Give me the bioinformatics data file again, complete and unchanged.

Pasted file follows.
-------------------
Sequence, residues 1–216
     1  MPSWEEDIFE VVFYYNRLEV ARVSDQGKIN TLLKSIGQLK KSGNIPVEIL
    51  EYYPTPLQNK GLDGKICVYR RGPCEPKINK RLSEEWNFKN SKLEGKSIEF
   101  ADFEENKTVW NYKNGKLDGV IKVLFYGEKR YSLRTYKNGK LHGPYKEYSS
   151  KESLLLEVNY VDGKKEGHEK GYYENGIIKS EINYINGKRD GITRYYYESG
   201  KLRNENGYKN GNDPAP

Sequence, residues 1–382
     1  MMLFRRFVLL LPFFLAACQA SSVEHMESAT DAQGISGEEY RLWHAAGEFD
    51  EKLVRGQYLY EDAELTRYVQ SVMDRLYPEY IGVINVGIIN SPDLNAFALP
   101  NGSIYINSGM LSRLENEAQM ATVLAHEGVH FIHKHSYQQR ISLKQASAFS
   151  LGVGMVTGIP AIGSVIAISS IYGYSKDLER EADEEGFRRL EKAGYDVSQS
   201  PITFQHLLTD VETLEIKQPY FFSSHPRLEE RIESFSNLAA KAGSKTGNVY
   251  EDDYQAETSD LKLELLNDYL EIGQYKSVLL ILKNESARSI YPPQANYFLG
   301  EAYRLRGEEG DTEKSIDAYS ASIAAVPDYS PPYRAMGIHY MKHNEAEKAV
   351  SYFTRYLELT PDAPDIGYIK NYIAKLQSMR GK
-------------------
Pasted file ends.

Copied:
Sequence, residues 1–216
     1  MPSWEEDIFE VVFYYNRLEV ARVSDQGKIN TLLKSIGQLK KSGNIPVEIL
    51  EYYPTPLQNK GLDGKICVYR RGPCEPKINK RLSEEWNFKN SKLEGKSIEF
   101  ADFEENKTVW NYKNGKLDGV IKVLFYGEKR YSLRTYKNGK LHGPYKEYSS
   151  KESLLLEVNY VDGKKEGHEK GYYENGIIKS EINYINGKRD GITRYYYESG
   201  KLRNENGYKN GNDPAP

Sequence, residues 1–382
     1  MMLFRRFVLL LPFFLAACQA SSVEHMESAT DAQGISGEEY RLWHAAGEFD
    51  EKLVRGQYLY EDAELTRYVQ SVMDRLYPEY IGVINVGIIN SPDLNAFALP
   101  NGSIYINSGM LSRLENEAQM ATVLAHEGVH FIHKHSYQQR ISLKQASAFS
   151  LGVGMVTGIP AIGSVIAISS IYGYSKDLER EADEEGFRRL EKAGYDVSQS
   201  PITFQHLLTD VETLEIKQPY FFSSHPRLEE RIESFSNLAA KAGSKTGNVY
   251  EDDYQAETSD LKLELLNDYL EIGQYKSVLL ILKNESARSI YPPQANYFLG
   301  EAYRLRGEEG DTEKSIDAYS ASIAAVPDYS PPYRAMGIHY MKHNEAEKAV
   351  SYFTRYLELT PDAPDIGYIK NYIAKLQSMR GK